The NHTSA Issues a Warning on Takata’s Airbag Recall Drama

Source: Tim Boyle/Getty Images
Source: Tim Boyle/Getty Images

If there’s one component in a vehicle that you’d hoped you can trust, it’s the airbag — a mechanism intended to function when everything else isn’t. That is what is making the latest recall drama so, well, dramatic, as nearly 4.7 million vehicles equipped with Takata-made airbag units have been recalled to address an issue with the inflator mechanisms.

Unlike an automaker’s recall that affects only their units, Takata supplies many of the world’s largest OEMs. As a result, the issues associated with their defective airbags have spread throughout many of the global automakers, from BMW and General Motors to Mazda, Honda, Toyota, Ford, and Nissan. Though the recall efforts have been taking place over the last two years, the National Highway Traffic Safety Administration has just released a statement urging owners to address the problem immediately.

Investigations indicate that in the event of the crash, the airbag can release exploding shrapnel into the cabin, posing further risk of injury or death to the driver. The affected units have been traced to many different vehicles, including high-volume sellers like the 2002 – 2003 Chevrolet Trailblazer, the 2000 – 2005 BMW 3 Series Sedan, the 2001 – 2007 Honda Accord, and many others. The vehicles are primarily located in humid areas, like the American Southeast, Puerto Rico, Guam, Saipan, American Samoa, the Virgin Islands, and Hawaii, the NHTSA said.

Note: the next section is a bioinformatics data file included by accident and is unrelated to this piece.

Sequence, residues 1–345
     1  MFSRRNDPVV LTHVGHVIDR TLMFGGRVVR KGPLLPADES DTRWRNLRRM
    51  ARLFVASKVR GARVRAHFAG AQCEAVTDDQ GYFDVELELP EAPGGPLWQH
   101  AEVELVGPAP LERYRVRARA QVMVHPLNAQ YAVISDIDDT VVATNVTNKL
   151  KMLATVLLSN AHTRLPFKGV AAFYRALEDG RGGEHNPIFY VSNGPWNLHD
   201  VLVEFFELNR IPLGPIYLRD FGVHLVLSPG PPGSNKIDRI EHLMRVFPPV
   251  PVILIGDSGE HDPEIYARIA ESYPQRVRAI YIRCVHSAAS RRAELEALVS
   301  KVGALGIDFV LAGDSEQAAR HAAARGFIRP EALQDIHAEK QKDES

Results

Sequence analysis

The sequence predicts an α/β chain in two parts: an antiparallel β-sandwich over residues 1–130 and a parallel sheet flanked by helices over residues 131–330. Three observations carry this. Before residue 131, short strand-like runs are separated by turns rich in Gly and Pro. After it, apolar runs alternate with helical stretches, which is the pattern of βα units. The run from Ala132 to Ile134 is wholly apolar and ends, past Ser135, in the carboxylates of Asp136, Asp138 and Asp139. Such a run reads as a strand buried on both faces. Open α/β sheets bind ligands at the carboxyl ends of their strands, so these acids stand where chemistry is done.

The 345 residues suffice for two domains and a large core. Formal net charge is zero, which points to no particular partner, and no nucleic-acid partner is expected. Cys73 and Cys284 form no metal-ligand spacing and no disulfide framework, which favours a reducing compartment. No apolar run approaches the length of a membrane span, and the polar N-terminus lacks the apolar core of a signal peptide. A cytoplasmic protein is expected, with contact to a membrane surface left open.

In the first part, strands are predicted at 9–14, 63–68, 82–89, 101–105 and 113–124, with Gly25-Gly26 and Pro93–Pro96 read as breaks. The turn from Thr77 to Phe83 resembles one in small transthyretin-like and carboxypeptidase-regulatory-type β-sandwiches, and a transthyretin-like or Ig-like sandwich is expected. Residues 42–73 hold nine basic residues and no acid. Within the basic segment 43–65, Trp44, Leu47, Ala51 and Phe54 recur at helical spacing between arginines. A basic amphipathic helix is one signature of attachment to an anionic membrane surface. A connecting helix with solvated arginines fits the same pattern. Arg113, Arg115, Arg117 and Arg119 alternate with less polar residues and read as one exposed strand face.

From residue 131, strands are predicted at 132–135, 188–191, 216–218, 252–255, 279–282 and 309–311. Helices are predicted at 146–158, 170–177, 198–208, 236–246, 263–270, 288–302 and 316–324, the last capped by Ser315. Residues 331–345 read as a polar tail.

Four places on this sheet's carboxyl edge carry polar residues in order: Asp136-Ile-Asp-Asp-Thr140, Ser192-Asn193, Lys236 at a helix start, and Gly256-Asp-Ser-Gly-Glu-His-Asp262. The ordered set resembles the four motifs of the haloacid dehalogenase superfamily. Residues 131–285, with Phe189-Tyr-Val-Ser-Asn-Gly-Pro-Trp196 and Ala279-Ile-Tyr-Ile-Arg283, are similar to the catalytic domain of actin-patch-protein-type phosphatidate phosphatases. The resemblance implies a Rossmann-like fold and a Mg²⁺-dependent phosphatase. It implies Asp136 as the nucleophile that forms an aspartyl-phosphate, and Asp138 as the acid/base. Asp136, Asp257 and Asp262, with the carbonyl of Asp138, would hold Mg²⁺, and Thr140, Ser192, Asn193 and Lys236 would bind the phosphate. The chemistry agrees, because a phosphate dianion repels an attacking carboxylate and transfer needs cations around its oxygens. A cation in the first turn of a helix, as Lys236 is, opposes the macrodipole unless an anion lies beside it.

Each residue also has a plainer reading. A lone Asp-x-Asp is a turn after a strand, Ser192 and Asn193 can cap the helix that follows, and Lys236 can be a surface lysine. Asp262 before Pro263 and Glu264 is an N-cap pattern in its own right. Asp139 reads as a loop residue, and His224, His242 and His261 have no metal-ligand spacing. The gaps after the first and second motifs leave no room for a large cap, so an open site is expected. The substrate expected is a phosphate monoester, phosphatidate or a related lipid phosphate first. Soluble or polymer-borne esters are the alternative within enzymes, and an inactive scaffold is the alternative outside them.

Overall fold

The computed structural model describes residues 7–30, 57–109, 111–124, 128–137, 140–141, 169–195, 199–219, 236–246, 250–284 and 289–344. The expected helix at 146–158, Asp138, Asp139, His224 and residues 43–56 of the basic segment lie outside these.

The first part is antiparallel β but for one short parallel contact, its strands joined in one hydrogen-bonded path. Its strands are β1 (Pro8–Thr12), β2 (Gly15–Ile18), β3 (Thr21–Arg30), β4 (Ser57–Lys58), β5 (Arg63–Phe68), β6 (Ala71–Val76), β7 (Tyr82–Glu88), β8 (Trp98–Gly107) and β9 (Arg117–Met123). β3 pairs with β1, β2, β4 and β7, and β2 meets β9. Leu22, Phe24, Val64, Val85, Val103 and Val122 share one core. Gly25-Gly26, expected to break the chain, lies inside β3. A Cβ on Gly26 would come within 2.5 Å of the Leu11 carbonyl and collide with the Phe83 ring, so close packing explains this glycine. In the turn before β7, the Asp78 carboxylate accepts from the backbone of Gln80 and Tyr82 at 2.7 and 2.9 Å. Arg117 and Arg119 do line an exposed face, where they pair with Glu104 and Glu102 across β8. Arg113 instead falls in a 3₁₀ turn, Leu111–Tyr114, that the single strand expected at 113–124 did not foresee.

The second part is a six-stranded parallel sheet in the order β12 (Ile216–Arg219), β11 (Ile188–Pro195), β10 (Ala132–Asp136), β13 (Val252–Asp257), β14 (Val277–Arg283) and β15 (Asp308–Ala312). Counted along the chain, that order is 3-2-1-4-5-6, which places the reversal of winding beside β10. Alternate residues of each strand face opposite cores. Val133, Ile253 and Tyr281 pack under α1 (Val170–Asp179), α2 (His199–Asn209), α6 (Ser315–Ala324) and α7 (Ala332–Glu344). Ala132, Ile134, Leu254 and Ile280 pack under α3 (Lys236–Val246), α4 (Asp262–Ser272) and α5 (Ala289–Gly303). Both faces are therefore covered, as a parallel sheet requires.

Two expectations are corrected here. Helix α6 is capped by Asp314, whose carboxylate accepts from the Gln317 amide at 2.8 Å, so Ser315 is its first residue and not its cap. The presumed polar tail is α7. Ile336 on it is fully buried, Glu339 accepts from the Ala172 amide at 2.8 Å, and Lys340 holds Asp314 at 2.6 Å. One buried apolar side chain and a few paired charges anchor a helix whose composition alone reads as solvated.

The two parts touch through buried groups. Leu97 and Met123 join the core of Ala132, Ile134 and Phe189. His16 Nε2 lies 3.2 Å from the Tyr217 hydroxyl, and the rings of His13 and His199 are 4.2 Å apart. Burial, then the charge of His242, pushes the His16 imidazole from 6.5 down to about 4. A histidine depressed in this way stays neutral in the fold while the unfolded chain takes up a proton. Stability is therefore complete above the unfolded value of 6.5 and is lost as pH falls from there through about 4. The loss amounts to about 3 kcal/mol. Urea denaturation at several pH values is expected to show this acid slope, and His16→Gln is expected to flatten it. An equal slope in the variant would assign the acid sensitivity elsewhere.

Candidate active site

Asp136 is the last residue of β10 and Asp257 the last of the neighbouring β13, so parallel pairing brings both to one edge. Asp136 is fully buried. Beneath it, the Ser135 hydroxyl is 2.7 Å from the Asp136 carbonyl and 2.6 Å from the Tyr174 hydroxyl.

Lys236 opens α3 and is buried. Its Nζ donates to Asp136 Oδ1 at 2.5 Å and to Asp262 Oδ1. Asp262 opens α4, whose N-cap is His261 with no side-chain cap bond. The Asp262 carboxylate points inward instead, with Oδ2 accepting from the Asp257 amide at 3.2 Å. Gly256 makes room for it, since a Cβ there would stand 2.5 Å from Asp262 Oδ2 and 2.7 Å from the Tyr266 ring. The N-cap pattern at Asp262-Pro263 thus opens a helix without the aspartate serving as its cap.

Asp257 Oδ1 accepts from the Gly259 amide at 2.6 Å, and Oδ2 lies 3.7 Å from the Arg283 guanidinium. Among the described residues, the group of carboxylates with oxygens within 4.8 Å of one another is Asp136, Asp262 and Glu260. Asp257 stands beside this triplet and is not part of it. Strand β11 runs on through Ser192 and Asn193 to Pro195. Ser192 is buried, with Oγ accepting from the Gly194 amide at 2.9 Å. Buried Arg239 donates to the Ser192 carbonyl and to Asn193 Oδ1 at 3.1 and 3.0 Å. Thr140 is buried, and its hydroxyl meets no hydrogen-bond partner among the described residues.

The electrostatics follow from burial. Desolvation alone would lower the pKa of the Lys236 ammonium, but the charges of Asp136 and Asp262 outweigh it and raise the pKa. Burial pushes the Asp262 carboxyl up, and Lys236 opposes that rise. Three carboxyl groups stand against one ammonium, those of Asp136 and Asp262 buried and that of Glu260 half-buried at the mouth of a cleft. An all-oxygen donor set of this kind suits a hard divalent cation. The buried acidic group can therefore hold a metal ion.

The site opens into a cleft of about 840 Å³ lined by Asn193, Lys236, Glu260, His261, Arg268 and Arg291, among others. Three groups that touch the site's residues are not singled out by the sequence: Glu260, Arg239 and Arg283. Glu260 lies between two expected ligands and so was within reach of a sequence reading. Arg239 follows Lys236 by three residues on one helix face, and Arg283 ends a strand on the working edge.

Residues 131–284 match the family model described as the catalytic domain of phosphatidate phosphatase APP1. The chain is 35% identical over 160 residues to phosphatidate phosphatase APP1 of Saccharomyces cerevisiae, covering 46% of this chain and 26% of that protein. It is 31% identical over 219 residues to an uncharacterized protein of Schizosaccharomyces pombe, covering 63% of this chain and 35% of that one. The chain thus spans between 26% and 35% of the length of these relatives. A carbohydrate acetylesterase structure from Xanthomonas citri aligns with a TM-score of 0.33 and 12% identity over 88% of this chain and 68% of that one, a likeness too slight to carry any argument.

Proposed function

In its coverage of the issue, Bloomberg spoke with Ashvin Chotai, who is the managing director of researcher Intelligence Automotive Asia. He said that aside from the obvious hardware failures, the campaign could be detrimental on drivers’ psyche from a trustworthiness point of view. “This undermines the credibility or confidence in driving, generally, and in cars,” he told the site. “There’s very little consumers can do about it. Of course they feel less confident about sitting in a car and they’ll be extra cautious, but beyond that, what can you do?”

Source: Jeff Kowalsky/Getty Images
Source: Jeff Kowalsky/Getty Images

Toyota has been especially good about ensuring that its drivers aren’t affected by the problem. In addition to releasing re-notifications, the company — which was burned several years ago by the unintended acceleration debacle — is also going the extra mile to help the affected vehicles. Toyota has issued recalls for 247,000 vehicles, including some models of the Toyota Corolla, Matrix, Sequoia, and Tundra, made from 2001 to 2004, all of which use Takata’s airbag units.

“We’re prepared to do whatever the owner asks us to do,” John Hanson, Toyota’s U.S. spokesperson, told Bloomberg. “If the owner is afraid to drive the car, we’ll come and get it.” The company also advised that until the issue is addressed, passengers shouldn’t ride in the front passenger seat, and if the replacement part isn’t readily available, dealers will disable the passenger side airbag to thwart the risk of metal debris coming into the cabin.

Nissan has no such plans, and Mazda is also sticking to its usual recall strategies, the spokespeople told Bloomberg. Honda, which owns a 1.2 percent stake in the supplier and is perhaps the most widely affected OEM by the recall, said that it will be “acting appropriately” as the saga continues to unfold. Honda has so far recalled over 6 million units since 2008, all for the airbag issues.

Virtually all of the vehicles are older models, from the early 2000s, and for GM, it dovetails with the record recall efforts seen as a result of the faulty ignition switch problems, which kicked off a train of over 75 recall campaigns covering over 30 million vehicles.